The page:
Quinn sat on the wide ledge of the windowsill and looked toward the Nevers. A funnel of black smoke had shot up, so dense that it was discernible from far away. He wondered what had happened in that accursed land, and then wondered no more. Other things were on his mind.
He was planning to leave.
He was planning to leave because there was no reason to stay. He’d return to Larnes and seek out old Eulie, the elder who sat in the Seat of Wisdom in his village, and tell him he couldn’t have been more wrong. There was no shining road before him, nor had he the power to change hundreds, no, thousands of lives. He’d be a farmer like his father and his grandfather before him. Farmers weren’t meant to be dreamers; farmers watched the weather and planted crops. And like the farmer he was, Quinn was aware that a mighty storm was coming. It wasn’t quite noon, but the rain would be coming down before one.
Yes, he was a farmer and he’d a farmer’s feel. He scanned the city and saw a cloud, hardly bigger than his hand from where he sat. It was hovering across the city in the old part of town built by King Revel. He’d been to that section once, and hoped he’d never have to go again. Built below sea level, the streets were treacherous. It was where the Heelers lived.
After the King had ordered them from the Great Throne Room, he’d skipped the feast, knowing that Elymas and the other acolytes would shun him, plus, he’d lost his appetite after seeing how Elymas had baited the Heeler. The man had been begging for the lives of his people! Why hadn’t the King called halt at the start? Why allow humiliation?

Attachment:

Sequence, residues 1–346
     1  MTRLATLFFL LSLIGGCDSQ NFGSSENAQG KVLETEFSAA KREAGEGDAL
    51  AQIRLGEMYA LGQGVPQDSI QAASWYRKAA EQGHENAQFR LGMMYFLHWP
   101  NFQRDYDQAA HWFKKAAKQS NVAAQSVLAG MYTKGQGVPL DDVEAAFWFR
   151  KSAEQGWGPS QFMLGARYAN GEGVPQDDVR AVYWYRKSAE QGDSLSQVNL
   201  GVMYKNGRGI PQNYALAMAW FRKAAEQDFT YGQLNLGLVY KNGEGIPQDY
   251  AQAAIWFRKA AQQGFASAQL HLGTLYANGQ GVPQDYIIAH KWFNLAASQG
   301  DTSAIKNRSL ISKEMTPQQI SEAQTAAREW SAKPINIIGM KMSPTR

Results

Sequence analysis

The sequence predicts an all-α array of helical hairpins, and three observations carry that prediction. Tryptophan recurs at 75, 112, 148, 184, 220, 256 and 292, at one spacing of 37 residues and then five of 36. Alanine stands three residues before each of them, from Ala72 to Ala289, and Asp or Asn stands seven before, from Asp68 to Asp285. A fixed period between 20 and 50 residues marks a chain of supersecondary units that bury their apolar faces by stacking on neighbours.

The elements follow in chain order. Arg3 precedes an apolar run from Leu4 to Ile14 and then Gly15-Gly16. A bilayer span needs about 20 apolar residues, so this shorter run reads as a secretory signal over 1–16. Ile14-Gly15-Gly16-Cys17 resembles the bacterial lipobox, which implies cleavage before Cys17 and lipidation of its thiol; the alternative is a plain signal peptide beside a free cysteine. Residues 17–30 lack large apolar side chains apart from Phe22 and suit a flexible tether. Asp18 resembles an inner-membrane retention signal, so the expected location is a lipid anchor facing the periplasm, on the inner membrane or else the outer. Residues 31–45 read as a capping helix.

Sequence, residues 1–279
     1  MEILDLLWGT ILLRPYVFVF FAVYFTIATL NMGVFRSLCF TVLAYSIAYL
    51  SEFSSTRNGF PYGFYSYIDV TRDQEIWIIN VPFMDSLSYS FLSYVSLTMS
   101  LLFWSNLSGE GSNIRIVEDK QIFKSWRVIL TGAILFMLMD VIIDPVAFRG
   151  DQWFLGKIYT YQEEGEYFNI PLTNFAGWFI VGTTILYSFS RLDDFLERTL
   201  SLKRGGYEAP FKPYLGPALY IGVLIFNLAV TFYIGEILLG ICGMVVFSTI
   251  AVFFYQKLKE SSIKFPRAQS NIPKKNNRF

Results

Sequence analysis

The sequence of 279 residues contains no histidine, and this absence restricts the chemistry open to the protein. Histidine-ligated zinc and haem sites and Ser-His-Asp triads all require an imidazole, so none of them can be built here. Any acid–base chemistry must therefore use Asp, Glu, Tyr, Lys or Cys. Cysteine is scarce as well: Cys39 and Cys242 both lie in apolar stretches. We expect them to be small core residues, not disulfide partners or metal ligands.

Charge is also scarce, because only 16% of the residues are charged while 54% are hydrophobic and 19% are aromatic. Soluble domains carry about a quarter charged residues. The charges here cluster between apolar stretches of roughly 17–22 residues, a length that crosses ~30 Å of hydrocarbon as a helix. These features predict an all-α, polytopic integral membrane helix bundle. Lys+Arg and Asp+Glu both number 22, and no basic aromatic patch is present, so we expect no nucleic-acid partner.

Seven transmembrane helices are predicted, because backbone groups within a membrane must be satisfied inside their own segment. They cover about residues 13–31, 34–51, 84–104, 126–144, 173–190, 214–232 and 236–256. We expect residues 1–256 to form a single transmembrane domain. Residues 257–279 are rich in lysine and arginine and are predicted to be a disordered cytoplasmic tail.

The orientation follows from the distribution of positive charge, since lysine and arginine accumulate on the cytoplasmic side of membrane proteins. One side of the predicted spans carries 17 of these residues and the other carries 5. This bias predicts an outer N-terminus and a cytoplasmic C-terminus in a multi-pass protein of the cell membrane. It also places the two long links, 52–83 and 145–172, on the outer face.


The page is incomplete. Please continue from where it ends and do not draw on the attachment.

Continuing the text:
For the fifth time or maybe the fiftieth, he wondered why old Eulie had chosen him. He could still feel the blindman’s hand on his head — hot, yet dry. His is for the glory! His is for the crown! The Shining Road will appear at last! He will walk the Shining Road!
And to make matters worse, Quinn had believed it.
He’d come to Casoria, only to have Elymas, the renowned Earth Skyll, hate him on sight. True, he was a country bumpkin, but so were all the rest. The King had ordered invitations to only the poorest of villages this year, and Larnes had been at the top of the list. Eleven other boys had come, Quinn the twelfth, and at a glance, he’d fit in. It was true he was a red head, but that shouldn’t have made a difference. One boy had two different colored eyes; another was enormously fat. He’d looked like the rest –poor and scared. Elymas hated him for himself. Quinn couldn’t change that.
Upon arrival, each boy had been washed and checked for chats, and given two pairs of breeches and two tunics, both made from undyed wool, ranging in color of gray to brown. Leather shoes; some had better fits, and hose to wear when working in the castle, broad straw hats when working out of doors. They were showed the pump and the privies and told to keep themselves clean.
They lived together in an oversized room, probably what had been designed as a royal nursery, and slept on pallets stuffed with straw. None were given pillows but all were given blankets. The blankets were the same color, more or less, and so no one ever knew if he was using the one he’d used the night before. In time, it no longer mattered. Everyone had a covering and no one complained.
A few boys had brought a wicker basket to store their goods, but most had rusk sacks. Quinn had had a rusk sack filled with the best that his poor village could offer. So proud of hm they were. He’d started on his way with plenty of bread, cheese and apples, and drank cold water from the clear parts of streams.
His most prized possession hung about his waist; his rulla dice and his rulla pouch. The dice had been his father’s and his father’s before him, but the pouch was of his own making. A rabbit hide tanned and soft and tied with leather string. It formed a soft pouch and he always kept it attached to his belt.